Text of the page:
Ultron: Do you see? The beauty of it, the inevitability. You rise, only to fall. You, Avengers, you are my meteor, my swift and terrible sword and the earth will crack with the weight of your failure.

And when Iron Man arrives at Ultron's hideout - which is actually a church - he asks if Tony is going to confess his sins:

FRIDAY: Your man's in the church, boss. I think he's waiting for you. [Stark flies into the church]

Ultron: Come to confess your sins?

I'm certainly not the first person to make this observation; a simple Google search of the terms 'Ultron "god complex' produces over 40,000 results.

Tony Stark's personality echoed in Ultron:

As has been noted in the answers to this question, Tony Stark is an atheist.

As Richard's Valorum's answer says, this has been made clear in the comics:

enter image description here

Cugel's answer is even more relevant, and may demonstrate an intentional hint at what I said in the previous section of this answer.

Tony Stark's bumper sticker:

enter image description here

This is an obvious reference to this popular bumper sticker:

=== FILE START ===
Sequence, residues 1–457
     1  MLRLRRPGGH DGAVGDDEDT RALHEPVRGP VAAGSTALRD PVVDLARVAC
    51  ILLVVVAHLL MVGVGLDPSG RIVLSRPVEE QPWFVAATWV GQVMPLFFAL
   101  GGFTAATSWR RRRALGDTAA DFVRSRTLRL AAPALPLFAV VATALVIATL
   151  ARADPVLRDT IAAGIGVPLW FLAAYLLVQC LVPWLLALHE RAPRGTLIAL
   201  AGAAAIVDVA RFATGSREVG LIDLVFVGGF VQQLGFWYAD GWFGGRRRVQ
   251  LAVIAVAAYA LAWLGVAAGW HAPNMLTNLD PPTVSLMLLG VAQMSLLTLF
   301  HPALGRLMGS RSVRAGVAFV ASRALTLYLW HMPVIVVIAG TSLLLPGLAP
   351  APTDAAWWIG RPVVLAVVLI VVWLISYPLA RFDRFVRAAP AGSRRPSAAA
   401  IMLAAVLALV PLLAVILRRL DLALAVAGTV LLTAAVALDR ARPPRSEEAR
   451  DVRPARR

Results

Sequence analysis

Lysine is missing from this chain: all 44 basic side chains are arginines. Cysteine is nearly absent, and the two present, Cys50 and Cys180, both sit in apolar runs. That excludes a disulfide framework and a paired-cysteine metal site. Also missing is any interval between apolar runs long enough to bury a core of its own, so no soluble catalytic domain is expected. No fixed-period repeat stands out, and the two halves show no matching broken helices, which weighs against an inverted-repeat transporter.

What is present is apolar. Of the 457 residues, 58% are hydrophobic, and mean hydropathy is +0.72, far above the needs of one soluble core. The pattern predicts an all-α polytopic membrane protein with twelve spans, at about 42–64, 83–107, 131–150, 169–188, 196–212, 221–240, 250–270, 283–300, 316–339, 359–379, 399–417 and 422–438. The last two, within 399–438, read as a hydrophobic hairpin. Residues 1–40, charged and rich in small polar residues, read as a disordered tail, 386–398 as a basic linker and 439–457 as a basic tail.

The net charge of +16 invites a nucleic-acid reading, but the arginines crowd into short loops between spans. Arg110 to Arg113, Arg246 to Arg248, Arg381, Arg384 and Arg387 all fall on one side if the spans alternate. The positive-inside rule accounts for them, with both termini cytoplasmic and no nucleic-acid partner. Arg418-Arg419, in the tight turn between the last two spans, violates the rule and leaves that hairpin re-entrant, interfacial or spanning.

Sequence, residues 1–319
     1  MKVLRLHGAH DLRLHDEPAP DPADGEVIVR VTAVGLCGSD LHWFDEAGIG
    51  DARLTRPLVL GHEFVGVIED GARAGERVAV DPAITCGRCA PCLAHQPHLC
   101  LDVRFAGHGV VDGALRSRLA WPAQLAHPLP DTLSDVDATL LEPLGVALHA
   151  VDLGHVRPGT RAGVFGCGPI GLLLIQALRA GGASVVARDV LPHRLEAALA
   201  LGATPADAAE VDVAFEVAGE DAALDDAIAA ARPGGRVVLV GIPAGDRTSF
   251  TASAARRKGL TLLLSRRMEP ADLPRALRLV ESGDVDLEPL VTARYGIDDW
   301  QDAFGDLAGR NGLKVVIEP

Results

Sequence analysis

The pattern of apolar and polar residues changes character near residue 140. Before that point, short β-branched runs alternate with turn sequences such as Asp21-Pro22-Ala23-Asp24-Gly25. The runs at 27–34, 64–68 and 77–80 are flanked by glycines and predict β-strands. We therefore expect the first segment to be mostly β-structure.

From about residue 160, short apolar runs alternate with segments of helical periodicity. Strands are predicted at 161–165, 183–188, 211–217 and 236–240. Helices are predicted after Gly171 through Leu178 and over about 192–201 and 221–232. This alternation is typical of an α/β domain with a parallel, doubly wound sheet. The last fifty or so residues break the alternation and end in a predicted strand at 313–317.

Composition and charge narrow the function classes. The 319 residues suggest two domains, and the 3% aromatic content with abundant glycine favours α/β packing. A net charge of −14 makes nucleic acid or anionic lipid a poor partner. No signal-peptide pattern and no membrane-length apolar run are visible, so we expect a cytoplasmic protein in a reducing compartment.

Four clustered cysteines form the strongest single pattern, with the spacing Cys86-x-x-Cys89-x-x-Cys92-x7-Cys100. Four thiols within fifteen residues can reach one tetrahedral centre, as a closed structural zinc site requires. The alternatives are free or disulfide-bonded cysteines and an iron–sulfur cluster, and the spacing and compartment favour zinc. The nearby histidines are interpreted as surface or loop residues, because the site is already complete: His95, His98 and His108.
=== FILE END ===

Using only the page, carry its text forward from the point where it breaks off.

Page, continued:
enter image description here

Thus, Tony has replaced god with Jarvis in a tongue-in-cheek manner. Jarvis was Tony's first AI, Ultron is his second. Originally, Tony thought Ultron would be his greatest accomplishment to date - far more impressive than Jarvis. So Tony compared Jarvis to god, then made Ultron, believing that Ultron was better than Jarvis. If Ultron contains vestiges of Tony's own beliefs, it would be natural for Ultron to believe that he himself is more like a god than anything that has ever existed.

An exception to this line of reasoning:

If we're being totally literal here, there is one god that Ultron must believe in: Thor. It would be absurd for Ultron to not believe that Thor exists, because they've actually met:

enter image description here

However, in the MCU, Thor is a "god" in quotation marks, not a God in the sense that YHWH is, so this is basically a semantic argument.


Ultron's lines about god - except for the one generic idiom - refer to himself. There is no reason to think that he believes in any god(s) besides Thor (who isn't really a god in the MCU). When Ultron references god, he is clearly referring to himself.